• I'd bet my daughter it's pork barrel politics. That "agency leader" was where he was because of Oceaneering's brib^H^H^H^Hdonations.
    • The phrase "deep space suits are no longer needed" seems to give a clue. Maybe not RIGHT NOW, but I am sure at some point, it could be useful, maybe they wanted to finish up the blueprints for the suit so that it would be ready when they need it?

  • by Anonymous Coward on Thursday April 27, 2017 @07:24AM (#54311853)

    So about as much as it costs to keep Melania Trump in Trump Tower for about thirty days, or one-third of the Trump Regime so far.

    Rapunzel, let down your hair. Thank you.

    AC

  • Not wasted... (Score:5, Insightful)

    by cmseagle ( 1195671 ) on Thursday April 27, 2017 @07:31AM (#54311867)
    Someone in congress got to campaign on a fat contract that they brought back to their constituency! Same reason parts of the space shuttle were manufactured all over the country, even though it's not even close to the most cost-effective strategy.
  • by Chelloveck ( 14643 ) on Thursday April 27, 2017 @08:04AM (#54311975) Homepage
    So $80M over the course of about 6 years is $13.3M/year. Out of an annual budget of $18.4B. That's 0.07% of the annual NASA budget. Okay, so somebody made a bad decision. Reprimand them, do what you have to internally to avoid such decisions in the future, and let's move on. It's not enough that anyone outside of NASA needs to get their undies in a bunch over. If you're looking for government waste to be outraged about I'm sure you can find something orders of magnitude higher than a failed R&D project.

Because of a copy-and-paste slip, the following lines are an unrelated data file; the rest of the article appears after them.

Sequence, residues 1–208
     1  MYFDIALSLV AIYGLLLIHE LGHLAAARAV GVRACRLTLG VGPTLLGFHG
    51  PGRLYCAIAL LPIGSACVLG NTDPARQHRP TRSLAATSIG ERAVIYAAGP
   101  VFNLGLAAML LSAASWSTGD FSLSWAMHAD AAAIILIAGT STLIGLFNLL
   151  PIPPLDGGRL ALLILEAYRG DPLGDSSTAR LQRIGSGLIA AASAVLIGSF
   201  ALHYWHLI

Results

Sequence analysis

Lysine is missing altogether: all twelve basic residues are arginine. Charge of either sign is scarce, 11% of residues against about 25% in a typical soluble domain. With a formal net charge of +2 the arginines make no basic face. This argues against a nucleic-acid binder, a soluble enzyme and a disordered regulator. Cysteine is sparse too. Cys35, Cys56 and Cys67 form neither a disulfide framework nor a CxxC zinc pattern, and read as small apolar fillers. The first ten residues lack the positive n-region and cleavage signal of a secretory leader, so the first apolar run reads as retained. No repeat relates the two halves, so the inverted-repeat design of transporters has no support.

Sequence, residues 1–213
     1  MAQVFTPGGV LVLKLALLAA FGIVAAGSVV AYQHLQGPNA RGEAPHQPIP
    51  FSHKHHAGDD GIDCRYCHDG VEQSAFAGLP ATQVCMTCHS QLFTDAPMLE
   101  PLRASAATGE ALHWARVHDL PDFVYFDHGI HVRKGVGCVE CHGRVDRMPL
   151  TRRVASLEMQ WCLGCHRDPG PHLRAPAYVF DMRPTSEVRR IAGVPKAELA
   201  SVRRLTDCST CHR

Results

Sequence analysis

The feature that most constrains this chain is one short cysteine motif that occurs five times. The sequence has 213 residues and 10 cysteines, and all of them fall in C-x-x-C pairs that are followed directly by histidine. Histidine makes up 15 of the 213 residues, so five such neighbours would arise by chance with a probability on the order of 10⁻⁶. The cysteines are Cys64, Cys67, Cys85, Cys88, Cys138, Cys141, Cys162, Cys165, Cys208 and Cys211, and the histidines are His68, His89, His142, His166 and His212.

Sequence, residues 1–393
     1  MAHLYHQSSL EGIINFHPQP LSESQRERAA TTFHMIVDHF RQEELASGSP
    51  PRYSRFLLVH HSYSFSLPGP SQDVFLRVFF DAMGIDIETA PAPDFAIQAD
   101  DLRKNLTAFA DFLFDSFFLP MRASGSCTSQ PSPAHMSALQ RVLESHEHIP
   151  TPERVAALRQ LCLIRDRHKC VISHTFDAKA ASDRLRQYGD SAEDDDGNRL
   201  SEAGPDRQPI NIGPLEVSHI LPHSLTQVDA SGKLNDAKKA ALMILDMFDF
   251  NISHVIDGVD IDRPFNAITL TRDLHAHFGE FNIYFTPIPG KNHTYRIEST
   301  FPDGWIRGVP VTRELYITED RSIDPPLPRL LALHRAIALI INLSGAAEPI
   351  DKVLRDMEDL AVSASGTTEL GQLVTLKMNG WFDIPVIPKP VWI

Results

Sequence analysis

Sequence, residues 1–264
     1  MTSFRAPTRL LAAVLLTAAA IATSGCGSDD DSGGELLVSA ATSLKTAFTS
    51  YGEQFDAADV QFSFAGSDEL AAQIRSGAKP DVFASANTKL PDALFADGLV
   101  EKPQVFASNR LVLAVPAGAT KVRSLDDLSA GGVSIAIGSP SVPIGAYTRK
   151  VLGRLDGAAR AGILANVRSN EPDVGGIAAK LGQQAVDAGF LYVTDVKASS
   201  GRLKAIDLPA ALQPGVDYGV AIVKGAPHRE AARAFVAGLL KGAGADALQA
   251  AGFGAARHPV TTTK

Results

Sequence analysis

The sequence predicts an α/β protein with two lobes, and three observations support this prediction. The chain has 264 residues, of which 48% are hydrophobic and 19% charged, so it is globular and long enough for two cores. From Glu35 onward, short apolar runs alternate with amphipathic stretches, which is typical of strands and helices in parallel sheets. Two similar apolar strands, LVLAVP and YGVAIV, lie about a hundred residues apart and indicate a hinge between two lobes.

• Re: (Score:2, Insightful)

      by acoustix ( 123925 )

      If you're looking for government waste to be outraged about I'm sure you can find something orders of magnitude higher than a failed R&D project.

      It's things that like this over a very long period of time that got us the huge amount of debt we're in. The amount of bad spending doesn't matter - it is all very bad and it all contributes to the problem. Our current debt isn't just the fault of Trump, Obama, Bush, Clinton, etc... It is the fault of tens and hundreds of thousands of federal employees who misspent the taxpayers' money.

      • by Anonymous Coward

        This is 100% wrong. The human attention span is finite and we only have only so many hours in a year we can dedicate to government accountability. You have to prioritize and pick your battles. The Social Security tax is the biggest revenue problem, and Military Spending, Medicare, and Medicaid are the biggest spending problems.

        People like to complain about defense spending programs like the Littoral Combat Ship but they ignore the savings that come from a reduction in manpower. If you can staff an aircraft

      • The federal employees are pawns though. In the end, procurement is decided by the politicians. Lobbyists for $corp donate to $pol. Coincidentally, shortly thereafter $pol has a great idea for $project where a certain $item is needed. $item happens to be produced by $corp. Contracts go out for bid, $corp is selected to the surprise of no one, despite the fact that $smallbiz could have done it for a fraction of the price, but $smallbiz does not have some $obscure_capability that can only be provided by O

    • 80$ million will buy your a F-35 hubcap
  • NASA didn't spend the money on an inferior suit. They spent it on an outside contractor's R&D which failed, somehow, to meet or surpass NASA's own in-house R&D.

    Now, why is that? Is there some reason that even with MASA and the contractor sharing personnel, somehow NASA's advancements weren't brought to the drawing board?

    At any rate, there are a surprising number of people who would consider wasting money on un needed and unused R&D to somehow constitute "purchase" of an object, a large number of

  • They've wasted $80 million on an inferior spacesuit. They should have spent more on spacesuit!

    Now where's that pooping spacesuit [theguardian.com] we've all been waiting for?